Obviously, there’s not enough blood in your body to achieve an erection that large. But folks in Sydney were greeted with the image over the past week thanks to an HIV awareness campaign which placed a giant condom over a landmark obelisk in the center of the city.
The beautiful pink color of this condom reminds me of our world famous Crown Skinless Skin, which is favored by many adult film companies for STD prevention. The message, and the point of the installation, was pretty clearly written down the side of the massive dong:
‘”Test more + treat early + stay safe = ending HIV.”
The condom was erected by, AIDS Council of New South Wales, a group that specializes in HIV awareness and prevention, and LGBTQI health. ACON is one of the premiere HIV care and prevention groups in Australia, specializing in helping folks who have been diagnosed, or are at serious risk of getting a positive diagnosis, get the care they need to stay healthy.
This installation was the finale of three weeks of public campaigning which took place in Sydney. Safe sex ambassadors were on site to hand out information to those who came to see the exhibit and other passerbys on how smart condom use can put a halt to HIV transmission by 2020.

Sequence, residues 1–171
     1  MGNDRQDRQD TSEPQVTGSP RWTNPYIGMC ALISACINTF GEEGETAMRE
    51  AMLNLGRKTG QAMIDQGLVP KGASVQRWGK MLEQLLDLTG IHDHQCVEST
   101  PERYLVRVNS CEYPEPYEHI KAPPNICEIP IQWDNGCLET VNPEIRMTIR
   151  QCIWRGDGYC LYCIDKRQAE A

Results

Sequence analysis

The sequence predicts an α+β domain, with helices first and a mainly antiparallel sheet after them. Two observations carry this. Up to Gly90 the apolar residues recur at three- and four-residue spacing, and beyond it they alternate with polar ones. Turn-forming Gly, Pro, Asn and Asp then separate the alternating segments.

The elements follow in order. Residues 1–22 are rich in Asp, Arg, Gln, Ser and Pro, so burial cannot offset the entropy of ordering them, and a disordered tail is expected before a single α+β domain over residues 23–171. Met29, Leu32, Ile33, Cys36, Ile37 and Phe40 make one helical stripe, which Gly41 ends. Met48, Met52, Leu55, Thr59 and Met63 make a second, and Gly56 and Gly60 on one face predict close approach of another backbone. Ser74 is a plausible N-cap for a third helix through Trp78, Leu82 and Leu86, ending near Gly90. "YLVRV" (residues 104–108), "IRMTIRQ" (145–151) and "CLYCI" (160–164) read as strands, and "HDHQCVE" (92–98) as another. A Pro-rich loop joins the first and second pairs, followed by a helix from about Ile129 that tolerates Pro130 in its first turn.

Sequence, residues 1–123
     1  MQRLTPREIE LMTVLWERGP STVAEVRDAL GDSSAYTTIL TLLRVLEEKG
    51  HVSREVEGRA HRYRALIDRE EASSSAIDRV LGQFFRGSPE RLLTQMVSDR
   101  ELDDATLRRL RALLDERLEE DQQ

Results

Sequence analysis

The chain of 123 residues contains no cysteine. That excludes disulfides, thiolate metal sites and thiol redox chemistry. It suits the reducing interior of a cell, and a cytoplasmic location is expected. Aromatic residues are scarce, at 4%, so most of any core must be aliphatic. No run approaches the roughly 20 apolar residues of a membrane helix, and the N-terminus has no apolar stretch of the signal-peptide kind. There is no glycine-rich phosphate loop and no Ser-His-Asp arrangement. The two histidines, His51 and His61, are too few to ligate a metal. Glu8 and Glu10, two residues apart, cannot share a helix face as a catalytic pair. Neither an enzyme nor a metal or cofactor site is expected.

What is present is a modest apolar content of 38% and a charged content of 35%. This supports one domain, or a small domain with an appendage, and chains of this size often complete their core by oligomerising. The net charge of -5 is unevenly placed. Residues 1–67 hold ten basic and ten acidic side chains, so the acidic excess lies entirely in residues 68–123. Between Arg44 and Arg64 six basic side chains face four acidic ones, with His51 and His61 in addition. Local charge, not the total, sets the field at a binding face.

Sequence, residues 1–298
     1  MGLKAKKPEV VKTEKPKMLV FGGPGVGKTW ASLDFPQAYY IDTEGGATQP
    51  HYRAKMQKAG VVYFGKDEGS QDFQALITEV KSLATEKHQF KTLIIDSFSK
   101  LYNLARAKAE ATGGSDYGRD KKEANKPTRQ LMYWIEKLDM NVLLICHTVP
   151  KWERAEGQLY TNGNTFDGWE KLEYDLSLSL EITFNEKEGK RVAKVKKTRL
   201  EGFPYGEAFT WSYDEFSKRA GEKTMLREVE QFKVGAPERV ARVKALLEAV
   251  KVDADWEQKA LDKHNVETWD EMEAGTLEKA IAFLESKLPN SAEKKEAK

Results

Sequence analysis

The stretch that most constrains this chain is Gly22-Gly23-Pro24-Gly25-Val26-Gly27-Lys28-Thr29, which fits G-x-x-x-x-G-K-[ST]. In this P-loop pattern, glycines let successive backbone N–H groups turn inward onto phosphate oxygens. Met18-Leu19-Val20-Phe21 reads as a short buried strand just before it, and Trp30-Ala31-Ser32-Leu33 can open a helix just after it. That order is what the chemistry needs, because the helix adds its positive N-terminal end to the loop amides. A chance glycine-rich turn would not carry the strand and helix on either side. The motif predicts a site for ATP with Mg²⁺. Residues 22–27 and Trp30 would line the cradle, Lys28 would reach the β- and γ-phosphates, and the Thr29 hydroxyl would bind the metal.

Of course, there were those who complained about the condom’s presence, which was not made of latex nor FDA-approved, stating that it was inappropriately placed somewhere where children could see it. But isn’t this message just as important for children to hear?
We’re totally cool with, “Don’t drink and drive,” messages on our airwaves, billboards, in our magazines and television commercials, even though driving is not an activity children partake in. We want to condition them to never consider drinking and driving a safe choice. So why not do the same with condoms and safe sex?
A giant condom isn’t going to encourage kids to have sex. If they’re going to do it, they’re going to do it on their own. Instead, this installation is going to encourage them to have safe sex by making the condom/sex association a commonplace thing. Japan recently tried a similar method with their condom cookbook, which followed in the highly successful footprints of Thailand’s condom-themed restaurant, Condoms and Cabbages.
Sadly, the giant condom was removed on the following Wednesday. We can only hope for more awareness-centric art installations in the future– and more open-minded reactions to them.